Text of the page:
Think of it as your body is a wonderful gift that was given to you. It would be disrespectful to not treat it well and take good care of it.
Good luck!

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@afrobin

Maybe by 'breathe' the doctor meant to breathe slow, steady breaths when palpitations occur?… How many beats are there per minute at rest when you are having an episode of palpitations? Are they even? How often does this happen? Do they come on after coffee or tea…like mine did?
When it happens does coughing or 'bearing down' like you are giving birth, help? One poster recently wrote that putting her face in cold water was the only thing that helped her heart simmer down.
If I were you, I would do 3 things:
1. Cut out all caffeine drinks/food and alcohol. Whenever I drank coffee, my heart would race.
2. Cut out all sugary foods and cut back on carbs in general which means upping the veggie/fruit intake to 6 – 10 servings per day.
3. Get out and exercise every day. To my doctor's absolute shock and surprise, I cured my serious case of atrial fibrillation (erratic and racing beats) by going to the gym every day for aerobic exercise.
The cardiologist told me that he only medicates (last resort) 1 in 10 patients who go to him with episodes of erratic heartbeats and palpitations. I was the 1 in 10 because my heart was constantly out of rhythm, racing and I felt faint…because not enough oxygen was getting to my brain. And I was only 46 years old. You are probably fine and just need to do a few lifestyle changes as I mentioned above. Think of the palpitations as your body warning you to get in shape, keep off the sugars and caffeine. The doctor must have found your palpitations to be non life threatening which is GOOD NEWS. Still, YOU are your own first 'health care provider' and you need to be aware of what is going on with your body, to do the necessary research and to take care of your body.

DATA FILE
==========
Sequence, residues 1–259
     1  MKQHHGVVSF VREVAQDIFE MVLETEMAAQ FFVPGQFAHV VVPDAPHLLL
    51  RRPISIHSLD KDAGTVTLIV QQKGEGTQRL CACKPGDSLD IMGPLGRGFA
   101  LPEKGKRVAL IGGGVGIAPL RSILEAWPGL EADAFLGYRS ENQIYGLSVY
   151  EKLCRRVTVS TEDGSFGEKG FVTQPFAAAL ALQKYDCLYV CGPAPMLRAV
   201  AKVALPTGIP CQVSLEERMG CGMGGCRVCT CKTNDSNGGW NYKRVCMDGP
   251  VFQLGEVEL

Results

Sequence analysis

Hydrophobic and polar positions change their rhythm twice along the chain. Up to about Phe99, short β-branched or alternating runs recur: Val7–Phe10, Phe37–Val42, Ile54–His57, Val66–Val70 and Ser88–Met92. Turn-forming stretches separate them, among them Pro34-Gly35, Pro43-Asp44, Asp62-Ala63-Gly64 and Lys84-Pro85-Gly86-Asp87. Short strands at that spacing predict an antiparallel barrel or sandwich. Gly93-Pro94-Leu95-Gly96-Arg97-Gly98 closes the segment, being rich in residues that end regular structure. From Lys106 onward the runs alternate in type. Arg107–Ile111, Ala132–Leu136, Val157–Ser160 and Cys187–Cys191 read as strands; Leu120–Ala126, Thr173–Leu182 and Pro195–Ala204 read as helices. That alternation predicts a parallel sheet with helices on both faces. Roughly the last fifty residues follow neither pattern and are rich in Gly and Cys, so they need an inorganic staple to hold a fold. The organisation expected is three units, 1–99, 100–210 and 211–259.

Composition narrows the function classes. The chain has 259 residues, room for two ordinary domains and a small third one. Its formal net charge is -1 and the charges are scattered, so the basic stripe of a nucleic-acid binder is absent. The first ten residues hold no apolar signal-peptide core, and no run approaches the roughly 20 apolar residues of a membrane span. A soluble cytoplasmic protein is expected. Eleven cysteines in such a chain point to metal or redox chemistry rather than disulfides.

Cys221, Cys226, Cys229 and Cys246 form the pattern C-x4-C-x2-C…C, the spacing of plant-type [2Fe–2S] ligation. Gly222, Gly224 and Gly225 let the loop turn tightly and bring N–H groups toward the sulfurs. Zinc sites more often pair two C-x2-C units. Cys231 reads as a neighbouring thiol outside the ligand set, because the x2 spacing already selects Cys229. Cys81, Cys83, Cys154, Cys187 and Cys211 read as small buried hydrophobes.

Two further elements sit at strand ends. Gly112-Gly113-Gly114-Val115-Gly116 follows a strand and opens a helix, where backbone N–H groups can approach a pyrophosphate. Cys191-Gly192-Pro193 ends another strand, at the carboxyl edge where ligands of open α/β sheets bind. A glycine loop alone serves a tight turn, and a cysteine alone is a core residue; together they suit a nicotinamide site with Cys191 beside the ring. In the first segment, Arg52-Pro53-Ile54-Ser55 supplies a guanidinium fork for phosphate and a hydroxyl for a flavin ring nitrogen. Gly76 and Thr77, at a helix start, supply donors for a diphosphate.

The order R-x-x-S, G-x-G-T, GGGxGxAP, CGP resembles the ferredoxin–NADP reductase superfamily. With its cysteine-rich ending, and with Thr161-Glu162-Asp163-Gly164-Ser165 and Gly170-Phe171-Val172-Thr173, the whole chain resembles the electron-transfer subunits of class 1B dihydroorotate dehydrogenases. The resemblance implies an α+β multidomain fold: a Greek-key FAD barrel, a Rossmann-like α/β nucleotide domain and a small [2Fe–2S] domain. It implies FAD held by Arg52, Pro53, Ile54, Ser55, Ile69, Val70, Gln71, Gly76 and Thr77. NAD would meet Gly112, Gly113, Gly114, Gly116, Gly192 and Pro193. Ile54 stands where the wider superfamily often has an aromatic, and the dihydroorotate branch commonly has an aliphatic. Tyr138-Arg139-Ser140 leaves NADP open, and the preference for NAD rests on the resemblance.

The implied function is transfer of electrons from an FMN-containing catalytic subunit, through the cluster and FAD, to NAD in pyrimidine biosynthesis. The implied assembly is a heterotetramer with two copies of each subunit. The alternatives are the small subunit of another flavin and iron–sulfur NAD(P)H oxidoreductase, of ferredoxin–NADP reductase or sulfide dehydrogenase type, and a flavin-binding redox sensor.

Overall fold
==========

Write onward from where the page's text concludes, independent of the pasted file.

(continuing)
Think of it as your body is a wonderful gift that was given to you. It would be disrespectful to not treat it well and take good care of it.
Good luck!

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Don't drink coffee I stopped drinking soda all I drink is water I've cut back on foods cause of my job I walk every day there's no coughing i may need more veggie fruit intake an also I think i have gerd

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@afrobin

Maybe by 'breathe' the doctor meant to breathe slow, steady breaths when palpitations occur?… How many beats are there per minute at rest when you are having an episode of palpitations? Are they even? How often does this happen? Do they come on after coffee or tea…like mine did?
When it happens does coughing or 'bearing down' like you are giving birth, help? One poster recently wrote that putting her face in cold water was the only thing that helped her heart simmer down.
If I were you, I would do 3 things:
1. Cut out all caffeine drinks/food and alcohol. Whenever I drank coffee, my heart would race.
2. Cut out all sugary foods and cut back on carbs in general which means upping the veggie/fruit intake to 6 – 10 servings per day.
3. Get out and exercise every day. To my doctor's absolute shock and surprise, I cured my serious case of atrial fibrillation (erratic and racing beats) by going to the gym every day for aerobic exercise.